It was a cooler day than the one before, but we eventually got used to it. We even took our boots off to enjoy the soft sand. We figured almost immediately, thought, that it's harder to walk barefoot when you carry a 40 pound pack.
Not sure if this rock on the right has a name but it looks like a sleeping ox to me.
Mosquito Creek Camp
After a little over 2 hours of walking on this beach, we finally reached the camp at Mosquito Creek. We were hoping for a nice camp-fire here, for some sunshine, and for some good news about the Jefferson Cove rounding that was ahead of us. Neither of them turned out to be in our future, as we soon discovered.
As we were filtering water in the nearby creek, we learned from another hiker that the Jefferson rounding was only possible at the lowest tide, which was going to be at 5am. The bad news was that we were still miles away from that point.
It was 4 pm and, given that we could not stop to spend the night here at Mosquito Creek, we decided to hike on and camp at Jefferson Cove. We were tired and 3.5 more miles through dense forest were not going to be taken well by the group, but we had to do it as we did not bring enough food for 2 more nights, and there was no other way out. So we carried on.
The next section was muddy, steep, and dark, and such a different feel than what we had before. It was thrilling and an experience that none of us will easily forget. The mud was so deep that the vacuum it created could almost suck your boot out.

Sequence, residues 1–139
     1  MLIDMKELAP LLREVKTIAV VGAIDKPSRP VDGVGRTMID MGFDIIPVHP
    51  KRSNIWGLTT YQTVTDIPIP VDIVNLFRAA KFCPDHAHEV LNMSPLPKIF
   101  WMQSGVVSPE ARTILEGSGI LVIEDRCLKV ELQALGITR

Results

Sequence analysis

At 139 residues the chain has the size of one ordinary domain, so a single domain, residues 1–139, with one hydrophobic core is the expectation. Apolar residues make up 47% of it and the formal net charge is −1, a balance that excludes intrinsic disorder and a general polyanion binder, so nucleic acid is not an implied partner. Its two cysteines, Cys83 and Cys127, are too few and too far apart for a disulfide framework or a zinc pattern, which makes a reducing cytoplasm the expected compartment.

Hoh Head and Jefferson Cove
A little after 7pm and about 3 hours since we left Mosquito Creek camp, we got to the steepest and longest ladder on the entire trail. This was the very last section before descending into Jefferson Cove, which was going to be our camp for the night.
As we left the woods behind and stepped onto the beach at Jefferson Cove, we noticed that the sky had cleared and we were looking at a beautiful sunset behind Hoh Head. This beach is so pretty, and so cozy!
Camp at Jefferson Cove
We found the nicest place to lay our tent, made a sizable fire, and had a hearty dinner, during which we noticed that the tide was getting closer and closer to our camp. We checked and double checked, we were in absolute highest spot on the entire beach. We also knew the closest tide will be around 11pm, so we waited out to see if we will be in any danger. We were fine eventually, but it was a bit unsettling to hear water spray hit our tent fly every now and then while we were falling asleep.
The following morning, the tide charts forced us to wake up at 4:30am so can make it around the section that was impassable later in the day. We needed to get out before the water would close the gap again.
Nearby camp, where there was a raging ocean the night before, now it was just wet sand and washed out algae. The water line was hundreds of yards away from our camp!
In the image below, we're moving across a bolder field, where receded water left behind a beautiful landscape. The rocks were very slippery, all of them being covered in algae and sea shells. Hoh Head visible to the right across Jefferson Cove, enveloped in thick mist.
Looking back to where we came from, across fine sand, where water was ruling not too many hours before.
Once we passed this section we continued our hike, and shortly we realized that we were almost there. We were almost at the Oil City trailhead, and our trip was about to come to an end.
It only took about an hour or so from Jefferson Cove to reach the Oil City trailhead. We had the entire day ahead of us to enjoy a meal in Port Angeles and to get back home. But before that, we still had a car we needed to pick up from Third Beach!
On our way home, on the Walla-Walla ferry from Kingston to Edmonds, we got one last nice view before we crossed into heavy city traffic: Mount Rainier and Seattle across the blue waters of Puget Sound.
Hey, thanks for reading so far folks!
If you have not been on this trip before, put it on your list. You won't be disappointed!